Density Dependence and Resource Heterogeneity Interact in Determining Morphology: Evidence from Atlantic Salmon

Wednesday, August 20, 2014: 11:30 AM
302B (Centre des congrès de Québec // Québec City Convention Centre)
Andrew Smith , sciences biologiques, Université du Québec à Montréal, Montréal, QC, Canada
Pedro Peres-Neto , Département des sciences biologiques, Université du Québec à Montréal, Montreal, QC, Canada
Bryan Neff , Biology, University of Western Ontario, London, ON, Canada
Aimee-Lee Houde , University of Western Ontario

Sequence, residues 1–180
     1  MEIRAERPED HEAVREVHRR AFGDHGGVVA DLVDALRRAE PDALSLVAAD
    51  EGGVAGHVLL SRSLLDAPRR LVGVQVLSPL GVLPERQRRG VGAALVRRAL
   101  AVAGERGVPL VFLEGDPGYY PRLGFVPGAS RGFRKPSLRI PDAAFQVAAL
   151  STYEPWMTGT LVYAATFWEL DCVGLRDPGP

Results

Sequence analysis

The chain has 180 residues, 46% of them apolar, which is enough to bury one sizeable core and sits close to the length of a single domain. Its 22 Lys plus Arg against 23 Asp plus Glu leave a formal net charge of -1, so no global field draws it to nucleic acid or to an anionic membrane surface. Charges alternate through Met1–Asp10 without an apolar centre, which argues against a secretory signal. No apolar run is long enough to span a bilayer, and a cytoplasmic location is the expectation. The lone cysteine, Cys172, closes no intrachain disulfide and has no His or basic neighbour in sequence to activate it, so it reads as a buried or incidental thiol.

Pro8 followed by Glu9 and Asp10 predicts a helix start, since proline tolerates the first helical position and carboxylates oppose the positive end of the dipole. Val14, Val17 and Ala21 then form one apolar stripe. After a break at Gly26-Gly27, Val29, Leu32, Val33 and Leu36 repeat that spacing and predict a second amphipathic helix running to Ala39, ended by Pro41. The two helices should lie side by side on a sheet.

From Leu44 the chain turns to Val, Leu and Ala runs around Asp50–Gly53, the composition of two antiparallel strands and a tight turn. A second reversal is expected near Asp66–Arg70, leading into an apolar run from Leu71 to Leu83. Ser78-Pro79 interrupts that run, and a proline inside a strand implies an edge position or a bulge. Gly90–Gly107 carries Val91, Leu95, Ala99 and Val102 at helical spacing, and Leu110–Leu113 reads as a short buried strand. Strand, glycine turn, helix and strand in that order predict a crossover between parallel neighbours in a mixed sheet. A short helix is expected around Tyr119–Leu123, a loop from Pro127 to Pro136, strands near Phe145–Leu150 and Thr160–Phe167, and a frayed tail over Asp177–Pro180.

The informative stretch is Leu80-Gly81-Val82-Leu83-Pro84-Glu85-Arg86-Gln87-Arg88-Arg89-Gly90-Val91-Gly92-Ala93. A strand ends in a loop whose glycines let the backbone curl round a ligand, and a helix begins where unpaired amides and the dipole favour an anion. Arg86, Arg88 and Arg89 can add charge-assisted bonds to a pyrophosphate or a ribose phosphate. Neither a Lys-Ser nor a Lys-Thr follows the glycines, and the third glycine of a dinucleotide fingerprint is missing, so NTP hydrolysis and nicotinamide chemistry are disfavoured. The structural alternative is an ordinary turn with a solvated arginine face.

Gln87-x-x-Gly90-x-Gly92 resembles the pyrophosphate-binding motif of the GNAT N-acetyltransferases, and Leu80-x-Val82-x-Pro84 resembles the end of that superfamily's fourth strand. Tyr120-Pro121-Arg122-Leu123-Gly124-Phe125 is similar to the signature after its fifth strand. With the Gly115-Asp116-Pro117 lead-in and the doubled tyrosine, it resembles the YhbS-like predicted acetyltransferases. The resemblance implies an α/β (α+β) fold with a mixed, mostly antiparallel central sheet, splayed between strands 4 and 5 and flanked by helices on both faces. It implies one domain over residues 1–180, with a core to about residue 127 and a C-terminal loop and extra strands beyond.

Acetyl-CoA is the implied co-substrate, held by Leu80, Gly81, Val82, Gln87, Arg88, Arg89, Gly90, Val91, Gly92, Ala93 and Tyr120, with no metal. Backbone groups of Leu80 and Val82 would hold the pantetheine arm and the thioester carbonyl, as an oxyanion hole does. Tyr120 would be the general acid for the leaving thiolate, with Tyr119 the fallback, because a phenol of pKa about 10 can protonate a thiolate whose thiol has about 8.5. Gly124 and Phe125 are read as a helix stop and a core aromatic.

Intraspecific competition in juvenile Atlantic salmon (Salmo salar) is driven by density dependant interactions due to the territorial nature of their foraging tactics. Competition for limited resources is strong but both aggressive territorial defense and systems of social cooperation reflecting a scramble type of competition have been observed in the wild. Size is an important determinant of dominance and fitness in fish and morphology is related to their ability to acquire and defend resources.  In this presentation, we show results of an experiment designed to test whether the spatial distribution of resources and the density of competitors interacted to determine individual growth and functional morphology. Differences in size and changes in morphology were contrasted before and after individuals experienced a particular combination of density (#of individuals) and type of spatial distribution of resources (clumped vs. dispersed). We also tested whether growth and morphology differed between two different strains of Atlantic salmon with very different life histories: one anadromous (LaHave) and one landlocked (Sebago). A trade-off may exist between growth and functional morphology that is dependent on fish density and the distribution of resources. This could have important implications on the management Atlantic Salmon in the wild and in captivity.